The boss of JK Rowling’s children’s charity Lumos is to leave her post after the organisation said there were “management and culture challenges” that needed “immediate action”.
Georgette Mulheir has been chief executive of the charity since 2011.
The author set up the foundation in 2005 and donates some royalties to it to help children in orphanages and similar institutions around the world.
The charity will now set up independent reviews of its governance and culture.
According to The Times, some former staff members have complained of a culture of “borderline bullying” and nepotism.
A spokeswoman for the charity told the BBC in a statement: “The board takes allegations of this nature seriously.
“We were founded to help the most vulnerable people in society and we hold true to our principle of fair treatment for everyone today. That’s why we have commissioned independent reviews into the charity’s governance and culture.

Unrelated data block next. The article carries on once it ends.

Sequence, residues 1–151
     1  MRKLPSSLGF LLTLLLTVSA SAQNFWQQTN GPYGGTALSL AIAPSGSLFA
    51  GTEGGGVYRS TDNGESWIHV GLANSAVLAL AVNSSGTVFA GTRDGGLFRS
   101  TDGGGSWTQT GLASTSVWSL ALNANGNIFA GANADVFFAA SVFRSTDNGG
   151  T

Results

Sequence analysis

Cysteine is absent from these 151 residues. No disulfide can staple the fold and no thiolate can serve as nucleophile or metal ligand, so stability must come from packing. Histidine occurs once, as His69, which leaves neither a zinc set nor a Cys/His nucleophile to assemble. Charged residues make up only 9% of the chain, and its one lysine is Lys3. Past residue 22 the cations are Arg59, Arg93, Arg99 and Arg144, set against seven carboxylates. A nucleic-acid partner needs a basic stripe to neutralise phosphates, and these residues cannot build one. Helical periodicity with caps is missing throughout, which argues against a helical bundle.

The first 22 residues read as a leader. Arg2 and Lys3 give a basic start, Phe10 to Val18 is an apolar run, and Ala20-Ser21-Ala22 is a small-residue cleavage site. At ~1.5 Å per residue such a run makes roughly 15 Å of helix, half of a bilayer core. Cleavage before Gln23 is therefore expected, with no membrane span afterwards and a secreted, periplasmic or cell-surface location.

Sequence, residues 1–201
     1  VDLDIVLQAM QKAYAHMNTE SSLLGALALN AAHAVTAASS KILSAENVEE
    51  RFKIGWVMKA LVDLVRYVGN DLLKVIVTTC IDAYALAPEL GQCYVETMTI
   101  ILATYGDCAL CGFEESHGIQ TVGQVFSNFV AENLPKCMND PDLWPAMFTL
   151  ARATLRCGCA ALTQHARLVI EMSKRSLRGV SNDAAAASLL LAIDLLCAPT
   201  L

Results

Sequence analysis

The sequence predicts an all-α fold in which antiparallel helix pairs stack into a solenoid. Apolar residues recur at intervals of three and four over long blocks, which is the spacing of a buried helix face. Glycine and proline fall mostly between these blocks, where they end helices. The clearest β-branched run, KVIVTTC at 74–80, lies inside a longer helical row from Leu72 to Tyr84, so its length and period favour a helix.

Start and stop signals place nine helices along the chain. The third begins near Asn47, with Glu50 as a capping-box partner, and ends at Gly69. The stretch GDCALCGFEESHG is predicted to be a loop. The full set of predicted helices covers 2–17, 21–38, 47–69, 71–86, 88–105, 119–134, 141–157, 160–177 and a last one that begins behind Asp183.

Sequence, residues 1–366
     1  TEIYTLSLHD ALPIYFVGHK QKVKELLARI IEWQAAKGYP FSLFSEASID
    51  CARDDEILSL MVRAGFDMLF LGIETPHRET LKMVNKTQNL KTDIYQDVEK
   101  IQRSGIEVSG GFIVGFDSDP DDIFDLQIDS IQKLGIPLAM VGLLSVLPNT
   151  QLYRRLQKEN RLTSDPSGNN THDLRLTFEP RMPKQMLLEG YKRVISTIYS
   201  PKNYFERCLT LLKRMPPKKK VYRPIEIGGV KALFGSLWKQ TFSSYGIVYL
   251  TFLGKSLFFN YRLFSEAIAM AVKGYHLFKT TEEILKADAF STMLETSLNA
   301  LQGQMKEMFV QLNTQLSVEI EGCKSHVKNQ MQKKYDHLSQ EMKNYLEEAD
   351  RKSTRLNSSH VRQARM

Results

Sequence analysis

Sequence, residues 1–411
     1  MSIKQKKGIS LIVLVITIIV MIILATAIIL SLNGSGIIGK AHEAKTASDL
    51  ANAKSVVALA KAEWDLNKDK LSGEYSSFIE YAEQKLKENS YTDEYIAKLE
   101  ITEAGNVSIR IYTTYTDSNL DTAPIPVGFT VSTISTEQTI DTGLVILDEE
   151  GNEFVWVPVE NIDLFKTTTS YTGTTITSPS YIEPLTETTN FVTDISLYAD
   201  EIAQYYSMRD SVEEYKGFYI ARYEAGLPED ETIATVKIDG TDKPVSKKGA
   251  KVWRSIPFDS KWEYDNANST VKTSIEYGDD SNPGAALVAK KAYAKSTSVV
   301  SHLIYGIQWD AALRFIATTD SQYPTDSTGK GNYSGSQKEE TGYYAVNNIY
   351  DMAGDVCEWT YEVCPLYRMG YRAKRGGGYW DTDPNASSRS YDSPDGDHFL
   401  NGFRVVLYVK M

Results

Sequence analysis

“All necessary steps will be taken in response to any findings to ensure this is an organisation where everyone feels respected and valued.”
Rowling ‘supports the actions taken’
Announcing Ms Mulheir’s departure, Rowling’s agent and Lumos chairman Neil Blair said: “Recently the board of trustees has identified some management and culture challenges facing Lumos that require immediate action.”
He added: “The board believes the time is right for new leadership.”
Ms Mulheir will take on a “global strategic advisory role” for the charity in the coming months, Blair said.
The charity said the Harry Potter author had been made aware “of the challenges facing the charity as soon as they were brought to the attention of the board”. A spokesman added: “She supports the actions taken by the board.”
According to Rowling, as of 2016, Lumos has helped more than 17,000 children out of state-run institutions globally.
Royalties worth more than £2.6m from Rowling’s books Fantastic Beasts and Where to Find Them and Quidditch Through the Ages went to Lumos in 2017/18.